Tuesday, July 17, 2012

Brahms' Requiem: The Major Third Motive

So I am currently preparing for my lectures tomorrow at Lasell Village, and for the "Ten Greatest Choral Works" class I am working on the Brahms' Requiem, and trying to come up with some things for them to listen for.

And one thing that really annoys me, as one of the procrastinators of the world, is that all kinds of sites have program notes and essays about this piece, and they give you the exact same bit of tiny information.

"A German Requiem is unified compositionally by a three-note motif of a leap of a major third, usually followed by a half-step in the same direction. The first exposed choral entry presents the motif in the soprano voice (F–A–B♭). This motif pervades every movement and much of the thematic material in the piece." (via the Wikipedia article)

Well, that's very nice, but where else is it? Nobody will say. Some of us are preparing at the last minute here! How about throwing us a bone? Where else does this motive show up? Nope, everyone seems to have just cribbed from the Wikipedia article. (Like I wanted to do, except there's not enough info!)

So HERE, for anyone ELSE preparing a lecture last minute on the Brahms' Requiem, are some other places that the motive of a rising major third followed by a rising half-step occurs.

Movement 3, m. 164, if you put the bass and tenor lines together, on the words "I hope"
Movement 3, m. 173, the beginning of the fugue subject (the tenors have it first) on the words "The righteous souls" (actually just "the right--") and of course whenever else the fugue subject comes in
Movement 4, m. 4-5, the first three notes of the soprano melody, on the words "How lovely", and whenever else the melody reoccurs.
Movement 6, m. 208, the first three notes of the fugue subject (the altos have it first) are this motive in reverse (descending half step followed by a descending major third) on the words "Lord, you are worthy." Provides kind of a nice contrast to the corresponding fugue in Movement 3.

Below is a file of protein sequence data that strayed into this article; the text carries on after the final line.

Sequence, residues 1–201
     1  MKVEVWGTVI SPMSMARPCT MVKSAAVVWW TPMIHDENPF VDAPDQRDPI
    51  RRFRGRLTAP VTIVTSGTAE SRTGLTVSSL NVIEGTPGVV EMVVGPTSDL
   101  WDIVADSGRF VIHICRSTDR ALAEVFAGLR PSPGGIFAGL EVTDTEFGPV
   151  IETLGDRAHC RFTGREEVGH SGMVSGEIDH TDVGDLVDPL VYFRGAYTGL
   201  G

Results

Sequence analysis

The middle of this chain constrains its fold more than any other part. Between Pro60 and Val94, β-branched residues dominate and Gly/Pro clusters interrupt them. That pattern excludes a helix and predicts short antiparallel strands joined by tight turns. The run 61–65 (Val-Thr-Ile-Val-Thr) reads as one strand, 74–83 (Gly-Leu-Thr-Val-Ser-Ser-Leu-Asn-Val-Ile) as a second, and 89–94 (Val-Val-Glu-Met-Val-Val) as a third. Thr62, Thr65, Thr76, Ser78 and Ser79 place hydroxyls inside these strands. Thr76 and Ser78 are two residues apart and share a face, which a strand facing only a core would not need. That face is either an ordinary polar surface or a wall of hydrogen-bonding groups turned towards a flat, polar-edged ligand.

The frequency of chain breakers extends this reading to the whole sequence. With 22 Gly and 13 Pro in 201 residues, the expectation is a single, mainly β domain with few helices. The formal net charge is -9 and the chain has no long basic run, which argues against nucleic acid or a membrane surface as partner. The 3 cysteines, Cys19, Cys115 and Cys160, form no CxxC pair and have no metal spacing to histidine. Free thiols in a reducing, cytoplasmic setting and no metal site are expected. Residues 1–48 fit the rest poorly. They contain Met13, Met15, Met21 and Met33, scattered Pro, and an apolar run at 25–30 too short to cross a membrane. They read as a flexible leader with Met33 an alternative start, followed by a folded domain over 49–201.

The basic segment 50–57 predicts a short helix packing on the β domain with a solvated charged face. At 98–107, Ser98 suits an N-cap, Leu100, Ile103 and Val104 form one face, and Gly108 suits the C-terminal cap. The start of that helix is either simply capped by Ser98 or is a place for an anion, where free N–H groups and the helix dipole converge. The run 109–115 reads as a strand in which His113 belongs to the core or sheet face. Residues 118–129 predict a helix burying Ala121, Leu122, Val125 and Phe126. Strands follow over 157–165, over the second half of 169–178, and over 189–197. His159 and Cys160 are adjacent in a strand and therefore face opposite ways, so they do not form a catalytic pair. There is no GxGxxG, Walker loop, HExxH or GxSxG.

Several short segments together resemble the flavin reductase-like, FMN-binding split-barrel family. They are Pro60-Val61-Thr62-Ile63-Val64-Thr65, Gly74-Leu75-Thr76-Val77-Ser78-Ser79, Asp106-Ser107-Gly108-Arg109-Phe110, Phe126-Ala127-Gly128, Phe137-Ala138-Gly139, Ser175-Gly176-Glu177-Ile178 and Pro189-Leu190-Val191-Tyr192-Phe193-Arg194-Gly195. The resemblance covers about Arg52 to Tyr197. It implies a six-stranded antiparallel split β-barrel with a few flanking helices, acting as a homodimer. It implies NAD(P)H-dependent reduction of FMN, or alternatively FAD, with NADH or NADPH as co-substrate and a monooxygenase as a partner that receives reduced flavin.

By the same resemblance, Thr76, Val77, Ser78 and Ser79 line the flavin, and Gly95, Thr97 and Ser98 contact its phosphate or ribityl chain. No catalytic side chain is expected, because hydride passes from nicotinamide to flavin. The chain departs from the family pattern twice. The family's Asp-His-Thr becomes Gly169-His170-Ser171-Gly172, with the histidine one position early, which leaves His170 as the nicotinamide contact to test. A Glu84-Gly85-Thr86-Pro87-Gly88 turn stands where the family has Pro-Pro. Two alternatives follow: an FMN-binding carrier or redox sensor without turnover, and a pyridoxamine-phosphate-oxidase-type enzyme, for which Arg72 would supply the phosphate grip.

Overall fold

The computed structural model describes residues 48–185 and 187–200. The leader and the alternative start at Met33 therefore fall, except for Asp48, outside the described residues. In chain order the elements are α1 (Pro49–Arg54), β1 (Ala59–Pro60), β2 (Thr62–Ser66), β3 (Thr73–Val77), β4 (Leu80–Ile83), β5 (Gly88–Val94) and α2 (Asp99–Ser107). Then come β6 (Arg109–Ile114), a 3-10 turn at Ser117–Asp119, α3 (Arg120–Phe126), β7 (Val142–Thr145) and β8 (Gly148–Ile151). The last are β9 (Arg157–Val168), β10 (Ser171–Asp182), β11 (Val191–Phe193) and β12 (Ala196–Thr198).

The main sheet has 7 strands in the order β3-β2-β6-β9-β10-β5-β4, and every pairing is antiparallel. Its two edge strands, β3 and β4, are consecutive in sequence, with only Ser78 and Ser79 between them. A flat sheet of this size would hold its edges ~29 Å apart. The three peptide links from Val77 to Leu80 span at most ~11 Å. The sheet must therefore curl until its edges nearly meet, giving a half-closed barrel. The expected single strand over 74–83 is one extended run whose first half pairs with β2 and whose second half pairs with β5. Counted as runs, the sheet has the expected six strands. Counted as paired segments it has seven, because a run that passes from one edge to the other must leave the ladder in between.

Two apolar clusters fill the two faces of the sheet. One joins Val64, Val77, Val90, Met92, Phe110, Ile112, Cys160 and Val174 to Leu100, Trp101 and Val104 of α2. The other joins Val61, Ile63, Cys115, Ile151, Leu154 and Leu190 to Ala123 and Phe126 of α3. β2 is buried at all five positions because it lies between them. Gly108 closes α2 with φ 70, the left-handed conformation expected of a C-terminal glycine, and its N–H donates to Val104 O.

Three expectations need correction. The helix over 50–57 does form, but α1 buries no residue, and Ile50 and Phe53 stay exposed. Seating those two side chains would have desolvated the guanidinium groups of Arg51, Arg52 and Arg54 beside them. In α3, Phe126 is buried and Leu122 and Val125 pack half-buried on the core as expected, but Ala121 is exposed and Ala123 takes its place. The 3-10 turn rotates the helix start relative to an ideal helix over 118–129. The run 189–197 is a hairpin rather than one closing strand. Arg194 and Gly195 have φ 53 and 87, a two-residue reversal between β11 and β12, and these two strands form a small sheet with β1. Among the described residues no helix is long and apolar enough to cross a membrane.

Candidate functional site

Movement 7 obviously reincorporates the material from Movement 1.

This is just after a 10-minute glance through the choral score. Anyone have any other points where this motive occurs? Want to argue that Brahms used an inversion of it somewhere? Leave a comment! Help the future procrastinating music lecturers of the world!


  1. Anonymous8:31 PM

    The instrumental opening to movement 4 is the motive in inversion.

    Movement 3, the pizzicato bass line is the motive in inversion; at the high point of the baritone tune is the motive ("das ein Ende", A - C - D).

    also in movement 5 (first three notes of the oboe part as the soprano enters, for example, and then often in this form throughout the mvt)

    And how 'bout this?? Look at the bass line of the instrumental introduction of the first movement: F - D flat - C. Which is also, of course, the long term harmonic plan of the first movement (B section, "Die mit Traenen" is in D-flat, and it resolves to C).

    And the second key area of the final movement, which is the mirror of the first movement, is A (a major third up from F, mirroring the D-flat second key area of movement 1, which is a major third down from the home key of F).

    It doesn't appear in movement 2, since that movement was actually written first - before Brahms decided on the motive. But there is a thread connecting mvt 2 to mvt 1 - the first unison vocal tune of movement 2 is based on chorale (Wer nur den lieben Gott laesst walten). The chorale tune in b-flat minor would be: f bflat c dflat d bflat c a (or aflat) f. This is the skeleton of mvt 2's vocal line; now play it in major (with d natural) and compare it to mvt 1 instrumental opening . . .

    last cool fact: this chorale appears in bach cantata 21, which we know Brahms conducted around the time he was composing this . . .

    I'm sure there are more, but it's everywhere!!

  2. Excellent - I don't have time to verify these myself, but procrastinating music lecturers, there you go!